In order to maintain American competitiveness, we must ensure that our 21st Century workforce includes the highly skilled and trained craftsmen and professionals that our economy requires.
Over the years, federal workforce training and workplace development programs have been added and existing programs have been modified in order to address spikes in unemployment. While these changes were made with good intentions, they resulted in duplicative and unnavigable workforce training programs.
The President agrees. During his 2012 State of the Union address, he committed to cutting through the maze of programs and creating “one program” so our job seekers can find the help they need to excel.
Last March, my colleagues and I acted by passing legislation to streamline job training programs and put Americans back to work. The Supporting Knowledge and Investing in Lifelong Skills Act (SKILLS Act) consolidates 35 duplicative federal job training programs, eliminates unnecessary bureaucracy, and ensures that job seekers have access to the job training they need immediately.
The job training programs are consolidated into a Workforce Investment Fund to fund Workforce Investment Board initiatives. Currently, the criteria for federal funding for workforce development programs is so restrictive that local communities cannot use the funds to innovate and develop training programs to satisfy the needs of local businesses.
The Pee Dee Workforce Investment Board in my district – South Carolina’s Seventh Congressional District—would like to launch a QuickJobs program that would prepare job seekers for positions that do not require a two-year or four-year degree, such as construction jobs. Unfortunately, the board cannot use their funding to start a QuickJobs program because their funding can only go towards two-year programs. The SKILLS Act would give the board the flexibility they need to innovate, which could prove critical as the construction industry is expected by some to need over 2,000,000 additional workers by 2018.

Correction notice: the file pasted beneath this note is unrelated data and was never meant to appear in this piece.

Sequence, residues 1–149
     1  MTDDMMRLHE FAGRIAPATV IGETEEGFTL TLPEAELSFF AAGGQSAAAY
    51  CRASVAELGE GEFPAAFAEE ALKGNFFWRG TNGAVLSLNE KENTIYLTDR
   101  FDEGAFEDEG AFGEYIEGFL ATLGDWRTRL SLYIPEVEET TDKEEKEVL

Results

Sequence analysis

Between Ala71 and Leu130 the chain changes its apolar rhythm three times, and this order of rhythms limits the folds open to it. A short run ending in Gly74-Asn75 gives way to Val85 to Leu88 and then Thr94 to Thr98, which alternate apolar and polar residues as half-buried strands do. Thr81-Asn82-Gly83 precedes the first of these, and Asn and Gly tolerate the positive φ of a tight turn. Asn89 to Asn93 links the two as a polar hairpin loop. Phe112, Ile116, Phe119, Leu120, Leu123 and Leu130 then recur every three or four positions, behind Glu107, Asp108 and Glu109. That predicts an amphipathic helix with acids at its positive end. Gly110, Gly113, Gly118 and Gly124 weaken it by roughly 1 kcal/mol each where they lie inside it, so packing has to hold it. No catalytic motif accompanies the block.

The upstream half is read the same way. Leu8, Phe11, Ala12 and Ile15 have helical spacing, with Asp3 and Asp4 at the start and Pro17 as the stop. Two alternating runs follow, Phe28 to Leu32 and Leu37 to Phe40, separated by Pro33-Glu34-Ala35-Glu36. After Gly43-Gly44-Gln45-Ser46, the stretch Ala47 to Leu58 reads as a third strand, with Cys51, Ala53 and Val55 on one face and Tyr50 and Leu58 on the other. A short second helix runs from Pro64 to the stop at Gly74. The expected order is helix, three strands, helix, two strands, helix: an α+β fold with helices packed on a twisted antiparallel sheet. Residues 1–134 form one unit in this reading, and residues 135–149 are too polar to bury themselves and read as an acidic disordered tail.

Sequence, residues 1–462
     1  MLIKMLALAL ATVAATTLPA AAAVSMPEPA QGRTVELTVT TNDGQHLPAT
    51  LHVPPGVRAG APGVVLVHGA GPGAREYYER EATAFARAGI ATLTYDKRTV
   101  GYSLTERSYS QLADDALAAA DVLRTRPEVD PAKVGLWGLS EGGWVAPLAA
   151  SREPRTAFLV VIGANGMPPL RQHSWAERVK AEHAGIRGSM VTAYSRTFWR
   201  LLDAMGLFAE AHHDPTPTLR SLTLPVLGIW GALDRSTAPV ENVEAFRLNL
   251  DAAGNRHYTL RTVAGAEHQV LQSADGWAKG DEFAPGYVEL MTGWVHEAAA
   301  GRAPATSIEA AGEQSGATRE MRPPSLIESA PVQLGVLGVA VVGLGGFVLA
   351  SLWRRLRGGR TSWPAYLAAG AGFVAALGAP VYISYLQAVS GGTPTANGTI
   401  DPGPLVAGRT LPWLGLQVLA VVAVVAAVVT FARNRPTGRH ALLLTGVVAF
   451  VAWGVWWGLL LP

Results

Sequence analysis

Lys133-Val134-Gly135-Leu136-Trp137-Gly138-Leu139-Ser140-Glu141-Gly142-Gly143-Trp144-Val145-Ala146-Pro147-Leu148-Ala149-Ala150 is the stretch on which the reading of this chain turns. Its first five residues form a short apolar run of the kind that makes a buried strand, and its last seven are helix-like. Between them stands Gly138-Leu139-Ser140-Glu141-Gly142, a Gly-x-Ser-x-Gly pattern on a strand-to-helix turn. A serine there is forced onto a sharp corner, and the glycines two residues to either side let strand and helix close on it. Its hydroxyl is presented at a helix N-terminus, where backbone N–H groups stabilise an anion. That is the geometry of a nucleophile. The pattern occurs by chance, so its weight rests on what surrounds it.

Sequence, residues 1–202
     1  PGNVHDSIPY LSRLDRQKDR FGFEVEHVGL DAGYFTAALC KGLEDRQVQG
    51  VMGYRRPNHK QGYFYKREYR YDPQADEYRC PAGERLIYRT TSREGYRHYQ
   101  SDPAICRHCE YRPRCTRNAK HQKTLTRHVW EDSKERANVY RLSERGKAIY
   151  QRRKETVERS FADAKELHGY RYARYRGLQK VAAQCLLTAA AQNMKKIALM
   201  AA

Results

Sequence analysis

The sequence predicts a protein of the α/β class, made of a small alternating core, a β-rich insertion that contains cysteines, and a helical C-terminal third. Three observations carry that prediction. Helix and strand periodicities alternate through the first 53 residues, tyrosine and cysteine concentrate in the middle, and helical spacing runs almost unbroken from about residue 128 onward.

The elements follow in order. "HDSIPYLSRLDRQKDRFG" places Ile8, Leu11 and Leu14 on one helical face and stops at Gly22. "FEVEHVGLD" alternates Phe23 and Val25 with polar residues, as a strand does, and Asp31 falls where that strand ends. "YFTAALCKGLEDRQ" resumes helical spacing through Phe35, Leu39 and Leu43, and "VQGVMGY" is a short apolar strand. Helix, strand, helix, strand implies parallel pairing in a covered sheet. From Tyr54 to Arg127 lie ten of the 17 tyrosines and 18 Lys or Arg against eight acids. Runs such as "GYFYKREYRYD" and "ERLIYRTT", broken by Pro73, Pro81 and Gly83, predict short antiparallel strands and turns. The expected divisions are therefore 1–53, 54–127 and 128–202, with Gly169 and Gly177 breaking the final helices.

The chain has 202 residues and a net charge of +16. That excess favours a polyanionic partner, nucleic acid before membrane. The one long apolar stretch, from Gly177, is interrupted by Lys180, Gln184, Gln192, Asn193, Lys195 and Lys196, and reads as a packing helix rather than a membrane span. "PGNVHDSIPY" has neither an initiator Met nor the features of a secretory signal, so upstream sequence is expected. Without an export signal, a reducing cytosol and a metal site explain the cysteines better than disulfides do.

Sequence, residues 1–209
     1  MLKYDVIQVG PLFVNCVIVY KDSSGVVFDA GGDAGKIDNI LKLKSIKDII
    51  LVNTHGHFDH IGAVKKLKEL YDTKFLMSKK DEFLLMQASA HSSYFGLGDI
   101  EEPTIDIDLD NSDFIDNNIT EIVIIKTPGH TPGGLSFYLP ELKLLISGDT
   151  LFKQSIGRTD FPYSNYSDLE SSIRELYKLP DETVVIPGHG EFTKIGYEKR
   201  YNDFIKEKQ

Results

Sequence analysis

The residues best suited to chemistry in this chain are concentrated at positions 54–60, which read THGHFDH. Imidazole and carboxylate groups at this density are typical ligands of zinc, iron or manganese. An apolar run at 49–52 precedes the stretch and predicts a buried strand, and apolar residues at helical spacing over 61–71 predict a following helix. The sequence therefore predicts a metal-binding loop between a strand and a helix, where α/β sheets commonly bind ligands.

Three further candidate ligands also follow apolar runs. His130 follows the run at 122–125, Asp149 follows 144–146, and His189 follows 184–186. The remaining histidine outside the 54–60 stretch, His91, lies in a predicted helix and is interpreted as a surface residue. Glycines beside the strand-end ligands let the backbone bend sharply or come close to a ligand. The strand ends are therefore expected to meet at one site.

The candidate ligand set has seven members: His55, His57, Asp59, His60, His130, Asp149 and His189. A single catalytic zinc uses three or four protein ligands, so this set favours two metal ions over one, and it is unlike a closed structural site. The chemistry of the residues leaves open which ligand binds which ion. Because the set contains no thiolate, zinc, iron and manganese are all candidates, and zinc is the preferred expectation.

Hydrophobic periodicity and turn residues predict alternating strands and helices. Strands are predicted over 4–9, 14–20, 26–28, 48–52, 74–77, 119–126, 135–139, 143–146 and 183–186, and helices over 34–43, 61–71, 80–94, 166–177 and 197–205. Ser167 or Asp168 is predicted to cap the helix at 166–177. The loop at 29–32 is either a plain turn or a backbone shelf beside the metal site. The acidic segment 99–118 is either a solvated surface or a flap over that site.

The SKILLS Act also changes regulations that require community and technical colleges to apply multiple times to be listed as eligible providers of federal workforce training. The Southeastern Institute of Manufacturing and Technology (SiMT), located in Florence, SC, could benefit greatly from this change.
SiMT is a state-of-the-art facility specializing in programs that prepare job seekers for a variety of jobs in the Southeast that require special skill sets not commonly available at four year colleges or universities. This large training facility offers students the opportunity to pursue industry-recognized and nationally portable certifications from NCCER in areas like welding and pipefitting as well as in various fabrication and heavy equipment occupations. In addition, SiMT offers programs in cutting edge fields such as engineering CAD/CAM, 3D/virtual reality services, and rapid prototyping.
Employers are desperately searching for skilled craft professionals to build the 21st Century American landscape. Collaboration between the federal government, industry and state-of-the-art technical colleges like SiMT, would help job seekers obtain the training they need so our nation’s construction industry can expand and reach its full potential.
In today’s global market, businesses are developing new products and manufacturing techniques to stay ahead of the curve. Our job training programs must evolve with businesses, and this evolution must include collaboration between the industries seeking employees and the education and training programs that will ensure these needs are filled.
The SKILLS Act’s Workforce Investment Fund would allow for our job training and readiness programs, like the credentials offered at SiMT, to grow simultaneously with new business technologies so our workforce is the most developed and highly-skilled in the World.